• Author(s):
    Shaltayev, Dmitriy S., Hodges, Harland, Hasbrouck, Robert B.
    Year:
    2010
    Abstract:
    In this empirical study we compare student performance using two different teaching methods in introductory business statistics course. Two groups were taught in the computer lab with software available at students' fingertips while one was taught in the regular classroom with only a computer workstation for the instructor. VISA (Visual Interactive Statistical Analysis), an Excel-based analysis software package was used in classroom to perform computational analysis of the data in all three groups. Exam data and final course grades indicate that student performance between the two methods was not affected by presence of the software in classroom for use by students. This leads us to conclude that VISA is an intuitive enough tool, which does not require a major learning curve, and can be mastered by students with minimal supervision. Second, we conclude that if the software used for statistics instruction is "teaching-friendly", then technology availability in the classroom does not affect learning efficiency. This allows instructors to concentrate more efforts in class teaching conceptually important material.
  • Author(s):
    Palacios-Gonzalez, F.
    Editors:
    Phillips, B.
    Year:
    2002
    Abstract:
    The aim of this paper is to show how teachers can use Visual Basic language on the spreadsheet for student sin order to gain the skills need in using nonparametric techniques for density and regression function estimations. The author has built a useful didactic tool on Excel Visual Basic for teaching and practice of nonparametric kernel methods, being intended for students with some preliminary knowledge on this topic. This Visual Basic Application (VBA) is loaded into Excel as a MACRO (or into the modules of a Workbook for EXCEL). The specific user functions incorporated into it are easy tools for students to obtain an intuitive perception of nonparametric estimation for density and regression functions. The VBA also allows Excel to make use of an added menu similar to a small Statistical Package specialised in nonparametric methods.
  • Author(s):
    Zimmermann, W., & Cunningham, S.
    Editors:
    Zimmermann, W., & Cunningham, S.
    Year:
    1991
    Abstract:
    This volume explores the role of visualization in mathematics education, especially undergraduate education.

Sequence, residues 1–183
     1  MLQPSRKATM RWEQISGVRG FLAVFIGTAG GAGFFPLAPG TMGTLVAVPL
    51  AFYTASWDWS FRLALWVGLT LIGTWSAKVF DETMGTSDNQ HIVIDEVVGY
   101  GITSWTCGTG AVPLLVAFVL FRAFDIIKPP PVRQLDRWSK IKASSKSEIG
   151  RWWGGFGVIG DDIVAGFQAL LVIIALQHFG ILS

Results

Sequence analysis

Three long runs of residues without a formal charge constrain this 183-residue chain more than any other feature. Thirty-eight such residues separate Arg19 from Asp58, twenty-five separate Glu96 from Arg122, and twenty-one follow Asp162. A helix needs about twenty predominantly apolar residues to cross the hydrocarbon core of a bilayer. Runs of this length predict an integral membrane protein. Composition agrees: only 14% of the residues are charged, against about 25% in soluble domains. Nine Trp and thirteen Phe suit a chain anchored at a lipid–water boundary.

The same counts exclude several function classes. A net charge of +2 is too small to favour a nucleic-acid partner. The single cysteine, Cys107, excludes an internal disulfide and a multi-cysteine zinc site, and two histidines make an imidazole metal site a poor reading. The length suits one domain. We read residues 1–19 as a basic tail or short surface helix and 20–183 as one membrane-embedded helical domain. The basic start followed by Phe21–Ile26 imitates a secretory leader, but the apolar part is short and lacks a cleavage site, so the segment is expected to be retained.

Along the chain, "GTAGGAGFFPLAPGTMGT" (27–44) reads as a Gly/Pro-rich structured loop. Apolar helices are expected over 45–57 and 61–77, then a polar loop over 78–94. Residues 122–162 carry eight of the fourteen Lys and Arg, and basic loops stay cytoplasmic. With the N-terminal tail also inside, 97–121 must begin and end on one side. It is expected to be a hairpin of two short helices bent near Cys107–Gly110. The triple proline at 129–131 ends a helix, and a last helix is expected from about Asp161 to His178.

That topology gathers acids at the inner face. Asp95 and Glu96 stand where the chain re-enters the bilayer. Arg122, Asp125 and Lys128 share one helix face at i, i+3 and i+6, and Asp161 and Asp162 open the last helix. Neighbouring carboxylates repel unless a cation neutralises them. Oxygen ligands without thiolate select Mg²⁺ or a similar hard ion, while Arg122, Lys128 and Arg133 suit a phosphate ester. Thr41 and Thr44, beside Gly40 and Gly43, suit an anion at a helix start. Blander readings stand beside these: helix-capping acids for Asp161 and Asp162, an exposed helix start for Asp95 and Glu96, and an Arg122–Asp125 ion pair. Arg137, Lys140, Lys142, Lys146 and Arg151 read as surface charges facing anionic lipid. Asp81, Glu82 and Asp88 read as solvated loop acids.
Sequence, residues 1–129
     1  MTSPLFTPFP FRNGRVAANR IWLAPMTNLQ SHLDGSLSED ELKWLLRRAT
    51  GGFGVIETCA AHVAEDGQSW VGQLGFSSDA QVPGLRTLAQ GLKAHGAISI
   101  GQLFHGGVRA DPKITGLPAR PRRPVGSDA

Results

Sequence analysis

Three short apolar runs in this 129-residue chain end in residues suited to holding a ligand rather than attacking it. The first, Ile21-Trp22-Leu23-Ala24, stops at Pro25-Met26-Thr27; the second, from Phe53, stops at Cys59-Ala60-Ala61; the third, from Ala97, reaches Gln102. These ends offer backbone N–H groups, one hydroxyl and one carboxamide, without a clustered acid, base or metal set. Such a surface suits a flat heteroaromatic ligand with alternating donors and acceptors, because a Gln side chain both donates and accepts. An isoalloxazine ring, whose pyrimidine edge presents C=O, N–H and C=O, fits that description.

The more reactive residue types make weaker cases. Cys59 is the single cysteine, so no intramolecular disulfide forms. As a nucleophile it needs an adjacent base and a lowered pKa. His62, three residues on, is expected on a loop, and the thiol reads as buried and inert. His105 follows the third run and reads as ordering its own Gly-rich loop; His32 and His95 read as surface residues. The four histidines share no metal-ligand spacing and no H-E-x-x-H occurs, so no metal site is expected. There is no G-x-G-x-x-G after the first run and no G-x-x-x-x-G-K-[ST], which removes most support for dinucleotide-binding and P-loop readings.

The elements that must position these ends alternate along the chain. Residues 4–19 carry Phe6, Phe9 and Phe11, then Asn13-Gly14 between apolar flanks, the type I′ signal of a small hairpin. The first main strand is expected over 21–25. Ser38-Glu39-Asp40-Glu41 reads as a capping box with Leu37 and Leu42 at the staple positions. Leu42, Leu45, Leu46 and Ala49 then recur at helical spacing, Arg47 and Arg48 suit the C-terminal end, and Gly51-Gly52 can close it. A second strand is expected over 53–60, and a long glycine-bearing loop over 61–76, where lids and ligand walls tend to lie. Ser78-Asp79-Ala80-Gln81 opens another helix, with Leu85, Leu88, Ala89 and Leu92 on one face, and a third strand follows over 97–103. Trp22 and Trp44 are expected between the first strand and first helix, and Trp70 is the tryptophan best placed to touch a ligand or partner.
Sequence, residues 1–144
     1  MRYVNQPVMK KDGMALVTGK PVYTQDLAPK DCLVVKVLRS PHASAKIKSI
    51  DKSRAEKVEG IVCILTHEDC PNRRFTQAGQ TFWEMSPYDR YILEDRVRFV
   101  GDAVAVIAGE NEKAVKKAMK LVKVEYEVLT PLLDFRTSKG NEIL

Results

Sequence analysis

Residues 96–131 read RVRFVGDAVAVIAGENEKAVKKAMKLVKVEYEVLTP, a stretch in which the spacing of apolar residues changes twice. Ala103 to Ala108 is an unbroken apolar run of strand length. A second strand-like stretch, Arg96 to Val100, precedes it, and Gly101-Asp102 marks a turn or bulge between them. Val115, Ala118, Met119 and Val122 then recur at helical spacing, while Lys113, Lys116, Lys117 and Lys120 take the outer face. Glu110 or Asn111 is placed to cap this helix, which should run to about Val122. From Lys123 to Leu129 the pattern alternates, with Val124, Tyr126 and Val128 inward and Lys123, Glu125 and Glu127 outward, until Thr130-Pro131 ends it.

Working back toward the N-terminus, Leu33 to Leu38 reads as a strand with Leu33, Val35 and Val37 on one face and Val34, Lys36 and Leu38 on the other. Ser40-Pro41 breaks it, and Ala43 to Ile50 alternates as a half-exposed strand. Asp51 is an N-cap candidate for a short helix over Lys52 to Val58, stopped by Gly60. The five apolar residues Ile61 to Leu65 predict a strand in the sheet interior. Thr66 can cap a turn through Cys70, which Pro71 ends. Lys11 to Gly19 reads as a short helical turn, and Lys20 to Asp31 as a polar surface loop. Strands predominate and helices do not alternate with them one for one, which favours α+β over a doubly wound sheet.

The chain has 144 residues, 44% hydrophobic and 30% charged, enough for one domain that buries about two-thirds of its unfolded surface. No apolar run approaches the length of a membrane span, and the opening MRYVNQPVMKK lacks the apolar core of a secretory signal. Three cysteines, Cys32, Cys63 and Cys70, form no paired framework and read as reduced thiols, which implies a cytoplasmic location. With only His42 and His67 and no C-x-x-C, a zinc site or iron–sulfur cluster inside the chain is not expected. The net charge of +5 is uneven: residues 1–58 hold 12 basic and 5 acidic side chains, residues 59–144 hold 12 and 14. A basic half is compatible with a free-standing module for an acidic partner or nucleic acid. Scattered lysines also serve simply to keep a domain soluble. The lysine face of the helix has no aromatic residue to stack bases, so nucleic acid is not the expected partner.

• Author(s):
    Harper, W. V., & Clark, I.
    Editors:
    Rossman, A., & Chance, B.
    Year:
    2006
    Abstract:
    Geostatistics is sometimes a difficult leap for even those individuals well versed in classical statistics. The impact of data location in spatial statistics may be only vaguely understood initially. Visualization tools that allow the student or practitioner to see the impact of moving data, adding additional data, deleting data, adding fault lines, changing search radiuses, and so forth aid the learning of geostatistical concepts. Due to page limitations only a few items are briefly illustrated. This visualization software called the Kriging Game is available free at http://geoecosse.bizland.com/softwares/ . This site also has other free geostatistical software and tutorials.
  • Author(s):
    Hammerman, J., Rubin, A.
    Year:
    2002
    Abstract:
    The Visualizing Statistical Relationships (ViSoR) project at TERC is studying how people learn about data analysis and statistics and how computer visualization tools can enhance that learning.
  • Author(s):
    Doane, D. P., Mathieson, K., & Tracy, R. L.
    Abstract:
    Three software modules were created to help students learn to visualize hypothesis tests, based either on scenarios or on a Do-It-Yourself control panel to set up the experiment. The one-sample and two-sample modules illustrate tests of means or variances. For each sample, there is a dot plot with optional overlays of the populations or sampling distributions, table of statistics and parameters, confidence intervals, and theoretical distribution of the test statistic with the rejection region shaded. The ANOVA module offers stacked dot plots, ANOVA table, and sample statistics. Each module allows replication experiments to estimate empirical Type I or II error. There is an extensive help system. Software has been tested on students. The modules are part of an NSF-supported project to enhance quantitative reasoning and motivate students.